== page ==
And so as these people came up through the ranks and they discussed the situation with their fellow officers, they realized that the Army had to change, and it wasn't going to change by itself. And so they had to change it from within, and therefore they were the insurgents within the United States Army.

MONTAGNE: And they weren't able to do much with this new thinking until the Iraq war.

KAPLAN: Right. I mean, large organizations sometimes change when there's a catastrophe, and there was a catastrophe in Iraq. You know, we invaded with kind of a blitzkrieg dash up the desert, and then found ourselves being an occupying power and then facing an insurgency.

The Secretary of Defense, and not just Donald Rumsfeld, but the entire Joint Chiefs of Staff, they were against even calling it an insurgency, because that would mean you might have to develop counterinsurgency strategies, which would require a lot of troops staying on the ground for a long time, and they were not interested in that at all.

It was in this context that this plot to change the American military from within really got underway, because it became a matter of urgency.

MONTAGNE: When you say plot, how do you mean that?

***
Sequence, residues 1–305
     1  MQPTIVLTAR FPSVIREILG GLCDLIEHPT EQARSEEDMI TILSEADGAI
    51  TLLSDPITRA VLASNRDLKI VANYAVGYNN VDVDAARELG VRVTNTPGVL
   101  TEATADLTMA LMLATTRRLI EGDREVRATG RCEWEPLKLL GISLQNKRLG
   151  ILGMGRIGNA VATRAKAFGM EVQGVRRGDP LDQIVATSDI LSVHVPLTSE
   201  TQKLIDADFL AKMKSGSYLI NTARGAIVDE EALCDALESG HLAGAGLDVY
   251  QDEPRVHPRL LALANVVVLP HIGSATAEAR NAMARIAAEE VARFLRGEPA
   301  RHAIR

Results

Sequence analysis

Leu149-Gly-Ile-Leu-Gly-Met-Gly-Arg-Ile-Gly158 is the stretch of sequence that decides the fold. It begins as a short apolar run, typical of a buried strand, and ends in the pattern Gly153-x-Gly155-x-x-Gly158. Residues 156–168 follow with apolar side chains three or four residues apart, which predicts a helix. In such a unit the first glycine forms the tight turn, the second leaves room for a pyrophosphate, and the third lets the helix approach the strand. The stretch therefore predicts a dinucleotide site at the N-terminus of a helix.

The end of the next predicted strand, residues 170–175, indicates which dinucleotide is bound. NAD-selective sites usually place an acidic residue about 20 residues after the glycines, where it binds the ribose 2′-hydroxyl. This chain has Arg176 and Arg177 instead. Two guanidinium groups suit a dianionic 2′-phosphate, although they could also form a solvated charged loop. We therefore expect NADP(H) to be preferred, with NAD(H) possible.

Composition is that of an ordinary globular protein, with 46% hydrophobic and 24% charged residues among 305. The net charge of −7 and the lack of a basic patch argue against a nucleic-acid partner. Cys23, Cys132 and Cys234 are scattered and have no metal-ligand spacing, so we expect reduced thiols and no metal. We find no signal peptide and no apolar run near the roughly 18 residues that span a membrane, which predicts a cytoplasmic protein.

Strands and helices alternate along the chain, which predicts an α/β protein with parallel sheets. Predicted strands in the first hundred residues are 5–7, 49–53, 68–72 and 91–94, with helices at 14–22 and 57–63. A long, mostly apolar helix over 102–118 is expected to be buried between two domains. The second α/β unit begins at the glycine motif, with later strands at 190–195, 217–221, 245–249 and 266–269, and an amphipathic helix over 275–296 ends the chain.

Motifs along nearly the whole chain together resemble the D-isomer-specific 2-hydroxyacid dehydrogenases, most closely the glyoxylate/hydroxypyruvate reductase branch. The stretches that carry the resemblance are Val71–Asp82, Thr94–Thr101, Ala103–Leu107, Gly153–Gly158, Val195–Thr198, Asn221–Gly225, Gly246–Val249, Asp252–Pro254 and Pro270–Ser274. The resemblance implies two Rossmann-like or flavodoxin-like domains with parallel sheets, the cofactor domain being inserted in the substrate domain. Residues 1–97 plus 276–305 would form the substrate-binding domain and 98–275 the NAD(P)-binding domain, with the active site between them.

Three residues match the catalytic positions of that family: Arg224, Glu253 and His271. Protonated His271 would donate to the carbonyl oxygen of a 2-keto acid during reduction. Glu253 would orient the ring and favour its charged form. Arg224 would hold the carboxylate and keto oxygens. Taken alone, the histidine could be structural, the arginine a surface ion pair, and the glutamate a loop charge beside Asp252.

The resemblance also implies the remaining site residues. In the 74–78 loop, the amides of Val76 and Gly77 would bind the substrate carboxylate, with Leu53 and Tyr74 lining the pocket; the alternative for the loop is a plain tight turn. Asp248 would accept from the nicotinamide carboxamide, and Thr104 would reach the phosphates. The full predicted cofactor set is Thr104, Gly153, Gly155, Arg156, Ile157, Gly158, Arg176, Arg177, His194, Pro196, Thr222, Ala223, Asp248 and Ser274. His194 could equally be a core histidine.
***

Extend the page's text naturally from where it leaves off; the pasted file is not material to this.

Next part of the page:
KAPLAN: I mean it was a plot. The people involved in it, they called themselves the cabal or the West Point mafia. It all started with a conference that was held at Basin Harbor, Vermont, by a defense intellectual named Eliot Cohen. He went to Iraq. He saw that it was a disaster, so he basically called up everybody who had written an interesting article about counterinsurgency in a military journal.

There's about 30 people. And the pivotal thing about this meeting was that a lot of these people didn't know each other, they'd thought that they were out in the wilderness, writing this stuff by themselves, and they saw that, in fact, they formed a community. Now, at about the same time, by coincidence, David Petraeus was coming back from Iraq. He was going to head up the Combined Arms Center at Fort Leavenworth in Kansas.

He realized that the Combined Arms Center was potentially the intellectual center of the Army. They wrote doctrine. And Petraeus knew some of these people who were in the Basin Harbor group, and these people became the co-conspirators, if you will, in writing a new field manual on counterinsurgency. And by the time Petraeus went back to Iraq, in early 2007, all the pins were in place for him to apply the strategy that he'd been trying to work into the mainstream of the Army for 25 years.

MONTAGNE: Give us, in a nutshell, the strategy.

KAPLAN: The strategy stemmed from an insight that insurgencies grow out of some kind of conditions on the ground. To the extent that they're successful, they gain popular favor, and it's not always entirely through fear. It's because the government that isn't doing a good job. So the point of a counterinsurgency campaign is not just to kill and capture the enemy. It's also to infiltrate the community, to say, we are here to provide you security, and also to reform the government.